Like so many other physical disorders, they are often induced or worsened by stress. The good news is that most disorders are not serious, and they can be treated. As a speech-language pathologist, I have treated many adults and children with various voice disorders. If you struggle with voice problems, I am here to offer hope—but you have to do your part: visit with your doctor, drink your water, and remain positive.
As if drinking water wasn’t important enough already for every other function of the human body, it is especially important for the optimal function of the voice. As a voice therapist, we define “enough” as this: half of your body weight in ounces consumed daily in water. And, if you drink considerable amounts of coffee (like I do), or any other caffeinated or alcoholic beverage, the same amount you consume in these treats must be added to that amount above. In effect, they put you “in debt,” requiring that you drink more water to get back to zero. Caffeine and alcohol have a dehydrating effect on the human body overall, and this dehydration affects the vocal cords in a very obvious—and audible way.
This is the first line of defense, and if you aren’t doing this already—as long as your primary care provider hasn’t put you on fluid restrictions, drinking enough water daily is a must.
When you meet a new person, you form an impression of them primarily by using two senses: sight and hearing. Typically, the senses of taste, smell and touch play small, if any, parts in forming initial impressions. Instead, we look at someone and develop a visual impression, and we listen to their voices and develop an auditory impression. When you talk to someone you don’t know on the phone, their voice is the sole vehicle used to form this impression.
If you are in danger, and you need help, you use your voice to call for help.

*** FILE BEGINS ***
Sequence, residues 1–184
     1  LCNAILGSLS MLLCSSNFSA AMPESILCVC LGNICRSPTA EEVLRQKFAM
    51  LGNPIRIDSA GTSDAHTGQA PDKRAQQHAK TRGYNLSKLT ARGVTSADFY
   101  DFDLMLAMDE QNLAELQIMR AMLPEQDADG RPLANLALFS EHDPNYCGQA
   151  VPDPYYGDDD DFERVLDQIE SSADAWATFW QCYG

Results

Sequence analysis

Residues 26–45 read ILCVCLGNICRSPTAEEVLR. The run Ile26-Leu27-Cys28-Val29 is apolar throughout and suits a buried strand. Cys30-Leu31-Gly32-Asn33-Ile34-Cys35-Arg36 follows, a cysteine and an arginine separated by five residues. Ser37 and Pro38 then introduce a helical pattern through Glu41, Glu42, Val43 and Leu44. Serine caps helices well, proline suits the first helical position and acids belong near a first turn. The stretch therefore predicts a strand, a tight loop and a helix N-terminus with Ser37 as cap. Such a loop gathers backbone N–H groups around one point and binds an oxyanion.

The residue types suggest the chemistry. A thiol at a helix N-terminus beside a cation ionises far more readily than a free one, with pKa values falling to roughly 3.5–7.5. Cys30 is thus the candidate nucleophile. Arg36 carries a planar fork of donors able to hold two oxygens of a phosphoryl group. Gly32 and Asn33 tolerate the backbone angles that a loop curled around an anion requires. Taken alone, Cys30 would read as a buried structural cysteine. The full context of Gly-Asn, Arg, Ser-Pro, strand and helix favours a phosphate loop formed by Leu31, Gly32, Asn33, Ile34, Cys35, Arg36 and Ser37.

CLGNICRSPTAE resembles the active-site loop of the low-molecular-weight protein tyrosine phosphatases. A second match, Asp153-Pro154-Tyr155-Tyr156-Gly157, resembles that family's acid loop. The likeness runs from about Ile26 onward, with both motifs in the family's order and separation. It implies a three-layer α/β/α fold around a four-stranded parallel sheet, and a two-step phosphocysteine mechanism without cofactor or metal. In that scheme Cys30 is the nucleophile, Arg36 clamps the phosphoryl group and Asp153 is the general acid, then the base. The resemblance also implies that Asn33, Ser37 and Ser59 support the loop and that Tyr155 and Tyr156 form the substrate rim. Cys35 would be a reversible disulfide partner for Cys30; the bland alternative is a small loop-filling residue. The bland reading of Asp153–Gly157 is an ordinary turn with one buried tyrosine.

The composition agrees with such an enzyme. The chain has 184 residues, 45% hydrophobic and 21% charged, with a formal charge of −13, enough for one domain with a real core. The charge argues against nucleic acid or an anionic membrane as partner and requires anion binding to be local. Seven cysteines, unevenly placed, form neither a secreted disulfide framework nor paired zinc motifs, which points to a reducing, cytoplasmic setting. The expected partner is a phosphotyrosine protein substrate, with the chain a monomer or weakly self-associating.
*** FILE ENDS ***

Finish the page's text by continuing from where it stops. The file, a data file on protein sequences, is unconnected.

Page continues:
Any relationship you are in depends on communication, and the voice is typically the way we express ourselves to others.
If you are an actor, you rely on your voice to express your talent.
If you are a singer, your voice is how you share that gift.
Most jobs require that you use your voice to communicate with co-workers, as well as those you serve in your job.
The voice is a gift that is meant to be used.
Drinking enough water. Breathing deeply. Minimizing stress. Interacting with other humans. Contacting your health care provider with concerns about your body and its functions. Turns out all these things that are important for taking care of your voice are important not just for your voice, but for taking care of your overall health.
The voice has always been the lifeline that connects us to other humans. Now, in these COVID times, it may be the only way some people can connect by phone when they cannot visit each other. We hope that soon COVID will pass as a major threat, and long after, we will continue to use our voices to reach out to others.
If your voice is in good working condition for speaking and, as a bonus, for singing, be sure to be grateful. If it isn’t working, please let your care provider know. There may be a simple answer, and there likely will be positive steps you can take to make it the best it can be.
Your voice is uniquely yours. No one else sounds like you. Take care of it, because you are the only you.